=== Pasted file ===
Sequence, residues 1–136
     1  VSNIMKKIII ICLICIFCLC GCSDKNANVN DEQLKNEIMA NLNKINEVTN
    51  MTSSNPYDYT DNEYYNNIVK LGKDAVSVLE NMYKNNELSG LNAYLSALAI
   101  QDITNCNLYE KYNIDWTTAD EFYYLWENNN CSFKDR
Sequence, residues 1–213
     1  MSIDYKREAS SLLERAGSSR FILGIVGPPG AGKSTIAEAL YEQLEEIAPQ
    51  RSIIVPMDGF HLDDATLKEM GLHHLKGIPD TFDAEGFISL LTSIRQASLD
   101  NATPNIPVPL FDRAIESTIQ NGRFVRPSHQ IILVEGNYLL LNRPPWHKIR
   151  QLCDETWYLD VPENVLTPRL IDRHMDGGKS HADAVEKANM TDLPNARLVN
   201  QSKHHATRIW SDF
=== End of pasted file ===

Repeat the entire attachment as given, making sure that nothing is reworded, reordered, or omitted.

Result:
Sequence, residues 1–136
     1  VSNIMKKIII ICLICIFCLC GCSDKNANVN DEQLKNEIMA NLNKINEVTN
    51  MTSSNPYDYT DNEYYNNIVK LGKDAVSVLE NMYKNNELSG LNAYLSALAI
   101  QDITNCNLYE KYNIDWTTAD EFYYLWENNN CSFKDR
Sequence, residues 1–213
     1  MSIDYKREAS SLLERAGSSR FILGIVGPPG AGKSTIAEAL YEQLEEIAPQ
    51  RSIIVPMDGF HLDDATLKEM GLHHLKGIPD TFDAEGFISL LTSIRQASLD
   101  NATPNIPVPL FDRAIESTIQ NGRFVRPSHQ IILVEGNYLL LNRPPWHKIR
   151  QLCDETWYLD VPENVLTPRL IDRHMDGGKS HADAVEKANM TDLPNARLVN
   201  QSKHHATRIW SDF